I strongly recommend that you do not try to transfer your old programs and such to your new computer. Instead, download new copies of the software from trusted sources, find new replacements for really old software, or contact the vendor and ask them if they can provide you with a new installation for previously purchased software. Otherwise, you will probably just reinfect your new computer and all of the old problems will come creeping back into your life.
Do not allow the infected computer to remain on your network. It may seem harmless to let it stay connected, but all this does is turn your private network into a hostile public environment. This infected machine can easily sniff all incoming/outgoing traffic across your home network and continue to steal passwords, personal information, etc. Even if you don't allow this machine to share files with other computers, it can still spy on your communications. Heck, in this scenario, this machine could easily spy on your HTTPS communications using something like SSLStrip.
Once you take this infected machine offline, you should copy your important data to a CD, DVD, thumb drive, external hard drive or something similar. You also want to make sure to disable auto play on your new computer so you don't accidently reinfect yourself. The infected machine will most likely infect the media and hope the new computer will auto play hidden nasties. Once you have successfully transferred over the data, if you used a thumb drive or external hard drive, I would just reformat the device to be extra careful. Once formatted, you can create a new partition and use it to store your clean backups.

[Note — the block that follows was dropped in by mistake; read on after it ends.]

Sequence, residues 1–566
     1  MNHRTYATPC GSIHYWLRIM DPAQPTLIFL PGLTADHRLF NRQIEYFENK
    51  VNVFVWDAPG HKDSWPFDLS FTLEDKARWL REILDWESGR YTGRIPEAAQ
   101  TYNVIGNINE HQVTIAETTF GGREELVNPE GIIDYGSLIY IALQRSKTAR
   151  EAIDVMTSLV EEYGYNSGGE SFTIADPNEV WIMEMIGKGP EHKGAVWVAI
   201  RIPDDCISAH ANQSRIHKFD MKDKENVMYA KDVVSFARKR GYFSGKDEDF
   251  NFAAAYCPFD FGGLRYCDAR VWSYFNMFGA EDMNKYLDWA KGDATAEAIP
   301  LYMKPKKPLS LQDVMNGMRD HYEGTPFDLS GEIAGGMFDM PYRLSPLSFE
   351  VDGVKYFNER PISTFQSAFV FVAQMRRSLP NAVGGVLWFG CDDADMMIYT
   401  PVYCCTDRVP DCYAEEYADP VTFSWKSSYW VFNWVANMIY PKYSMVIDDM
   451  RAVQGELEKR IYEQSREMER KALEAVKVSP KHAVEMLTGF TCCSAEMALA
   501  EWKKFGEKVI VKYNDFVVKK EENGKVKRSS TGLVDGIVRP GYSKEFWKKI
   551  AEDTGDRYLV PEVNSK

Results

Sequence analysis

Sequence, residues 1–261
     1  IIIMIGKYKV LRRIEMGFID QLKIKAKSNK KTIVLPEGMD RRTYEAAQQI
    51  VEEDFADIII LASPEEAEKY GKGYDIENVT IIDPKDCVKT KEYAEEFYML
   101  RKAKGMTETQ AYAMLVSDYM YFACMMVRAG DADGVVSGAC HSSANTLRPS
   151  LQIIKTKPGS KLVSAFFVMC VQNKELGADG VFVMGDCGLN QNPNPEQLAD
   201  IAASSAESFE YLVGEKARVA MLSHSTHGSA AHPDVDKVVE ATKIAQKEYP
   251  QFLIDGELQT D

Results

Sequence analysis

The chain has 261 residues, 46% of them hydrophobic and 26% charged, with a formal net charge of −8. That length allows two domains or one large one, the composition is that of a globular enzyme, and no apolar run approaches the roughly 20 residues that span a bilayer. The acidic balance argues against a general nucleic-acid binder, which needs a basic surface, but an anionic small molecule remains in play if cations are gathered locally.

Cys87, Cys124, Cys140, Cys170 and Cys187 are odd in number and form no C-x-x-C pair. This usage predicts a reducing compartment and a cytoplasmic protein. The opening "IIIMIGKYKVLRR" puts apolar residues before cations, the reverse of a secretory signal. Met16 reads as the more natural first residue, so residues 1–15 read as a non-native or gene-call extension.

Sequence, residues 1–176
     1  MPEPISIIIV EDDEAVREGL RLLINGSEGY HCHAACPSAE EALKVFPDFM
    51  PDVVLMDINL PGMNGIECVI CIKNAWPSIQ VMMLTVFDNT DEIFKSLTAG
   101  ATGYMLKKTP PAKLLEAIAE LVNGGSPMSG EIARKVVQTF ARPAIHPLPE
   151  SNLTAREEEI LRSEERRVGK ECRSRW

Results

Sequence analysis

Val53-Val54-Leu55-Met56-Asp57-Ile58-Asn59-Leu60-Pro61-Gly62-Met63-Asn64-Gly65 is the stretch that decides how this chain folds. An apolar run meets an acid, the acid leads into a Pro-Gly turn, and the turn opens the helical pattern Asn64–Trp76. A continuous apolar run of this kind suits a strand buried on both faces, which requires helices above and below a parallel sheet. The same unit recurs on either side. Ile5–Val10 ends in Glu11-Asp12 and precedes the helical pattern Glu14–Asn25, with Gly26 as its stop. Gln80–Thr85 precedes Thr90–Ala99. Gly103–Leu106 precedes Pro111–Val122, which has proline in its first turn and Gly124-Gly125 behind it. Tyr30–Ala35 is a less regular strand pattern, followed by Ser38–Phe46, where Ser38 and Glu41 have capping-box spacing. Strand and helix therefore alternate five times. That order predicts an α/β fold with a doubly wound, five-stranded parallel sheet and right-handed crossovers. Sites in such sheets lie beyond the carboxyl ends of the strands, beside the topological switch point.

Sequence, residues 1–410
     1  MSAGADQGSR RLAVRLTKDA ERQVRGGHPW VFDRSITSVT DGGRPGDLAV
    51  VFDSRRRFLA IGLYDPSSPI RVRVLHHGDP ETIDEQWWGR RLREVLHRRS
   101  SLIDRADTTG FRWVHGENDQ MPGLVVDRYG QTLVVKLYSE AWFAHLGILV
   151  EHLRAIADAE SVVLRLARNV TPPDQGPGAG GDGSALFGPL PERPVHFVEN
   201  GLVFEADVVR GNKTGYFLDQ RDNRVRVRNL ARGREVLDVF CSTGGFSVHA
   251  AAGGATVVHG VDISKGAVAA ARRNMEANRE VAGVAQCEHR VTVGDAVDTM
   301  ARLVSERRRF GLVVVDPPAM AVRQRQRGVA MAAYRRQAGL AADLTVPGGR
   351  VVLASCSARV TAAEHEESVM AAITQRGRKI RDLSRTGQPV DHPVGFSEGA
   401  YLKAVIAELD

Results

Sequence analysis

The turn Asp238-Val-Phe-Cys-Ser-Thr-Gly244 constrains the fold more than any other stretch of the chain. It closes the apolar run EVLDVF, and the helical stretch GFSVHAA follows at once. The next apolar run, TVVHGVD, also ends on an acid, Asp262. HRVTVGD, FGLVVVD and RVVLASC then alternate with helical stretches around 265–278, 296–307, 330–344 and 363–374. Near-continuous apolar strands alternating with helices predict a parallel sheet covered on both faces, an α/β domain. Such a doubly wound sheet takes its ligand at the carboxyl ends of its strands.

Copying over Microsoft Office (or similar) documents can be just as dangerous as executables. Be extremely careful when backing these kinds of files up. I understand the need to transfer over these types of files, but use caution when doing so. If you do copy these types of files over, make sure to scan them on your new computer before opening anything. While this won't detect every threat out there, it would at least stop you from reinfecting yourself with known malware.
Stay away from Microsoft's Easy Transfer junk. If you go this route, you will most likely just reinfect your new computer. This scenario isn't your typical "migrate to a new computer", because the old computer has been compromised and you can't trust it. Software like Microsoft's Easy Tranfer is great for typical migration, but does a terrible job in situations like this, because you really need to only move over important documents and manually recover old software, etc.
Edited by Kaosu, 28 June 2014 - 03:35 PM.